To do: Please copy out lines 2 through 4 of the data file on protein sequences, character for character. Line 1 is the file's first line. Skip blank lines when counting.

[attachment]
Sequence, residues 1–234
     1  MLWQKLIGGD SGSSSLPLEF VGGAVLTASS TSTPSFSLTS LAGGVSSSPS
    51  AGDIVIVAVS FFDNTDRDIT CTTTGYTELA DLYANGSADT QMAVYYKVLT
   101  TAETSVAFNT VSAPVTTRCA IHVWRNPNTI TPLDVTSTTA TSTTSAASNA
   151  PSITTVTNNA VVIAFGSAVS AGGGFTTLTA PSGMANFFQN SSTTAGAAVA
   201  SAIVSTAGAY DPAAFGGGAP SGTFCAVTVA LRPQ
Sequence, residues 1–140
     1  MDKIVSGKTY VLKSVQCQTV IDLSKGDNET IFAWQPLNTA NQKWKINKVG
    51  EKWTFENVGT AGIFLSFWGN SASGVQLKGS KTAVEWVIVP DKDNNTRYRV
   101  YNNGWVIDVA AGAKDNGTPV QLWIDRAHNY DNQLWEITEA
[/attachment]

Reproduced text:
     1  MLWQKLIGGD SGSSSLPLEF VGGAVLTASS TSTPSFSLTS LAGGVSSSPS
    51  AGDIVIVAVS FFDNTDRDIT CTTTGYTELA DLYANGSADT QMAVYYKVLT
   101  TAETSVAFNT VSAPVTTRCA IHVWRNPNTI TPLDVTSTTA TSTTSAASNA